Click the image at left to see a slideshow of before-and-after photos for each project.


Rockford Orthopedic Associates, Rockford, Ill.

A few years ago, having outgrown its main facility in Rockford, Ill., Rockford Orthopedic Associates considered expanding its existing building to deliver more services to more patients needing orthopedic services, musculoskeletal care, and prosthetics. But then, through a real estate analysis process led by AMB Development Group, the team discovered a mostly empty strip mall nearby. By taking over the space previously occupied by a grocery store, hardware store, and gift shop, Rockford Orthopedic learned it could grow its offerings at a fraction of the cost of an on-site expansion, while also adding a location with direct vehicular access from a desirable intersection.

Another opportunity afforded by the retail structure was more than 40 feet of clear space from grade level/floor one to the underside of the ceiling structure in the base building. Nelson (Chicago), working with AMB (which served as the project developer, project architect, and design builder), suggested that Rockford Orthopedic take advantage of the layout to integrate a second floor or mezzanine for administrative staff use.

It did—and the new mezzanine, connected to the first-floor patient rooms (or “labs,” as they’re called here) with a decorative staircase, creates a flexible space for staff offices, training, and future staff needs. The facility opened in July 2013 with a public open house celebration and now serves as the “exclusive home” of the Rockford Ice Hogs semiprofessional hockey team.


Lightwell Greater Boston Orthodontics, Boston

The retail roots of the Lightwell Greater Boston Orthodontics site are practically unrecognizable, as this former neighborhood paint store was renovated inside and out to dramatic effect. Built by Merge Architects (Boston) and opened in 2013, the practice moved into a storefront building that was more than 100 years old—and the three exposed-masonry sides of the building envelope desperately needed to be brought up to code. “It was literally raining through the walls when we first surveyed the property,” says Merge principal Elizabeth Whittaker.

The “ortho bay” of treatment chairs was planned for a back area of the building that couldn’t have any windows because a portion was below grade. But skylights at the upper level of the double-height space brought in some natural light, and the designers ratcheted up that effect via plywood ribs wrapped in one-eighth-inch-thick polycarbonate panels that curve all the way up from the floor and appear to direct the light downward.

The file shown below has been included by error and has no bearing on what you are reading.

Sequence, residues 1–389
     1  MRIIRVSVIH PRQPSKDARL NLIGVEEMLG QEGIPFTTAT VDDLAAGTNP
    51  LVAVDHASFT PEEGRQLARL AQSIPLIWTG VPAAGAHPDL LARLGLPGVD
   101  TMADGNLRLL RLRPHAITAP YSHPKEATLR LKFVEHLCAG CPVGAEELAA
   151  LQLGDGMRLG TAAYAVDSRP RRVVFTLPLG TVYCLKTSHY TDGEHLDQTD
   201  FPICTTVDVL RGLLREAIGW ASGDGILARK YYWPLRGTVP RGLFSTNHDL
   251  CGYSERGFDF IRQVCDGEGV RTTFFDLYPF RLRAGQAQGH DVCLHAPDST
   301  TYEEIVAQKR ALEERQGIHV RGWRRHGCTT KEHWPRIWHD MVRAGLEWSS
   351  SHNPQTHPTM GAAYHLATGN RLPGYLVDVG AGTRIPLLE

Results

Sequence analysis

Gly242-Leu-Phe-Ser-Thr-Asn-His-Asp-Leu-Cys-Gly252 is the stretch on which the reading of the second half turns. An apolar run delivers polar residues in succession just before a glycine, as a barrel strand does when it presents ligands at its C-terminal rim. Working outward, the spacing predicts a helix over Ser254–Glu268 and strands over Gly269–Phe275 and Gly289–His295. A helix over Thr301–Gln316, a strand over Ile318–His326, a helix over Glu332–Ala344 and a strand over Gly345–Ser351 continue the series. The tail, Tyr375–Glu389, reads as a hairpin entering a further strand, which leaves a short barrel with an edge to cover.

Saint Agnes Hospital medical center, Catonsville, Md.

It took two years of searching for just the right spot before Saint Agnes Hospital in Baltimore made the call to take over a former 38,000-square-foot furniture store to expand its care services. Looking to create a patient-centered medical home, the development team wanted a well-situated community space that could house 20 primary care physicians; numerous specialists; and space for imaging, laboratories, and physical therapy—as well as dedicated patient education rooms focusing on wellness topics.

RTKL Associates (Baltimore), the architect for the project-in-progress, is tackling the necessary infrastructure upgrades for this 1950s building to bring it up to code and support the more “intensive” services of a healthcare provider. Plumbing is one big issue: Retail spaces don’t have nearly as much need for running water as health facilities do, and in this case, the design team is adding more than 100 new fixtures. The building originally had two.

In addition, the entry sequence is being relocated away from the more retail-focused layout that brings customers in via the longest end of a store and guides them through the merchandise. Instead, says RTKL’s Eric Dinges, the new orientation will allow “multiple clinical entries, longer and larger main lobby space, and the shortest distance to the clinics themselves.” The new medical home is scheduled to be complete in April 2015.


Maplewood Spine Clinic, Maplewood, Minn.

The biggest challenge of relocating a specialty spinal clinic into a former outdoor recreation store in Minnesota? Light. The single-story retail building in Maplewood, Minn., had lots to offer HealthEast Care System, including a great location right in the heart of its main patient base, close proximity to one of the system’s hospitals (for ancillary support), and—structurally—minimal columns for HGA (Minneapolis) to plan around. But there were also very few windows bringing in natural light to benefit both patients and staff working 8- to 10-hour shifts each day. In addition, the existing entry was on a corner, creating a concern about travel distances for patients.

Skylights solved the natural-light problem, and the design team also broke up the long interior spaces with interesting fixtures, millwork, and finishes on walls and ceilings. Clinical areas were strategically sited to keep travel distances short for the most vulnerable patients: For example, the exam/consult areas are located right near the entry, while procedure and rehab areas are closer to the exit.

The clinic opened in August 2012, and research conducted a year later showed that the community’s been quite pleased with the result. While only 37 percent of patients at the previous clinic said they’d recommend the facility to friends and family, the number soared to 95 percent with patients at the new space. Patient visits jumped from 22 per day to 59 per day after a year, with monthly revenue hitting $357,000 over $139,000 during that time.